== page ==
New smart cities planned for South Africa – worth the billions? – CapeTown ETC

New ‘cities’ are set to be on the blueprint cards for South Africa, and they might just be the ‘smartest’ of all our developments.
The primary goal behind building ‘smart cities’ is connected to President Ramaphosa’s rhetoric that a South African city can be driven by technological advances.
This umbrella objective was addressed at the State of the Nation Address (SONA) which took place earlier in February. The project holds sub-objectives revealing notes of what the president hopes will be a post-Apartheid space free of the oppressive era’s spatial planning.
The project aims to provide a space for up to 500 000 people for one smart city as Ramaphosa indicated, using the conceptual Lanseria smart city along the border of the North West and Gauteng.
Why the determined turn toward technology-driven cities? Considering South Africa’s relationships with tech-dominant countries like China, the influence on wanting to rapidly advance our planning and development to technical notes becomes unsurprising. Back in 2014, Chinese development group Zendai Developments announced its desire to build the first ‘smart city’ in Modderfontein – packaged as a space that would rival cities like Sandton and dubbed the Chinese developers’ ‘Manhattan in Africa’ as The Guardian reminds. However, it did not come to fruition and was documented in a paper titled ‘Failed Fantasies’ by UCL research fellow Frances Brill and University of Dublin’s Ricardo Reboredo.
Last year in August at the fourth annual African Smart Cities Summit, things started to look up for the developments.
Where will the smart cities be?
The ‘Failed Fantasies’ are back on the map. Provincial governments are working on at least three of these city-type projects, and developments appear to be focused on the Eastern Cape (African Coastal Smart City), the North West and Gauteng border (Lanseria smart city) and Pretoria’s Mooikloof (Mooikloog Mega City). Nkosi City along the border of the Kruger National Park is also set to be part of the blueprint.
According to City Press, the project will look at over R8 billion for the project and developments could begin in June already for the Mpumalanga (Nkosi City) development.
The project is presented to take an agri-city format coupled with urban design and RDP houses. Job creation in the agricultural sector has been outlined, with a focus on women and the youth.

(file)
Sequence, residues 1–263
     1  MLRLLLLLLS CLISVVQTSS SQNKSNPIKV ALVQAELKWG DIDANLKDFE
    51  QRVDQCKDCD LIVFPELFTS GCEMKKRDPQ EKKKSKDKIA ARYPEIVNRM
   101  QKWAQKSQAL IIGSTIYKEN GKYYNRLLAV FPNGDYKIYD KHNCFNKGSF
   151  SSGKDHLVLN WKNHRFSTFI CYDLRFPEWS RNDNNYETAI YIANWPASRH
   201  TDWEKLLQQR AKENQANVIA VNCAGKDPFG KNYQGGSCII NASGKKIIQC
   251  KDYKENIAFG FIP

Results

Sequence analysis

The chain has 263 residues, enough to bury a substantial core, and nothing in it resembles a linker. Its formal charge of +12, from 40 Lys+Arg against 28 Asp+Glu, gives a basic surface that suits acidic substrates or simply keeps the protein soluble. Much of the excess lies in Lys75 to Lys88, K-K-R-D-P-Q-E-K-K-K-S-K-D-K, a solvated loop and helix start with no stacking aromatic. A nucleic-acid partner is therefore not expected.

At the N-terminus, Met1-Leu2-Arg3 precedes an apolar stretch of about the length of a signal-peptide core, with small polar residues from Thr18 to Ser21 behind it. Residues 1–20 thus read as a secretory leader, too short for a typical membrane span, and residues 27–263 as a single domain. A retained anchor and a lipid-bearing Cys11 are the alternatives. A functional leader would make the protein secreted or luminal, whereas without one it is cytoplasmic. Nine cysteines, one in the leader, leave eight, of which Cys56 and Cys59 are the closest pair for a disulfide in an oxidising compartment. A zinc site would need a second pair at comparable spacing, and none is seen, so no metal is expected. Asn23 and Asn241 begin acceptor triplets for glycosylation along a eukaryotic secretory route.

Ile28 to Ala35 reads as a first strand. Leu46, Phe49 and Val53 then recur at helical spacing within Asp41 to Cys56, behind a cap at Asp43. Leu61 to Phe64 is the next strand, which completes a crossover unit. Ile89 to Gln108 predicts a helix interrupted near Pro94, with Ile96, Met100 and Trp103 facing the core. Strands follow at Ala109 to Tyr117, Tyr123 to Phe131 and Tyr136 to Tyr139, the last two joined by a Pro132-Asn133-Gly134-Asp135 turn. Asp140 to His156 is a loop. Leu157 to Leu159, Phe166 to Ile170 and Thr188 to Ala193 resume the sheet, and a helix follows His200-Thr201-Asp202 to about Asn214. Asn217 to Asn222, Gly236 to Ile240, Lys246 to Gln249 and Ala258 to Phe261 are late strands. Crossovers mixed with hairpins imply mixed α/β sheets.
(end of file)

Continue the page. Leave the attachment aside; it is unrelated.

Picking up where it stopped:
Where does the tech come in? According to the Mpumalanga government, the technology comes in the form of solar technologies and renewable energy plants.
The movement away from apartheid’s spatial planning seems to be an admirable feat, but it also gives rise to the question: what is the government doing about tackling the current city-related problems in our once Apartheid spatially-planned areas?
Photographer Johnny Miller’s inequality in a photograph for Time Magazine’s cover comes immediately to mind, writes Cape {town} Etc’s Ashleigh Nefdt.

The cover showcases Johannesburg via a drone. It shocked the world, but to most South Africans, it was just a different angle of something we see daily.
In Cape Town especially, we see the impacts of spatial planning every day. One needs only to compare the short distance from Constantia to Steenberg. In the Mother City, apartheid’s spatial planning ghost still looms. 2017’s Reclaim the City campaign that sought to draw attention to the matter was a hallmark year in how years of post-independence had changed little in this regard.
So, as the public, we turn to the government with watchful eyes. Of course, a ‘smart city’ sounds interesting, but whether the R8 billion might have been used toward other plights, like rebuilding areas still impacted by the spatial planning ‘ghosts’ of our past, might be food for thought, in my opinion. Where the billions are worth is of course, a matter of the coin thrower’s interest.
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Picture:  Larry Teo/Unsplash




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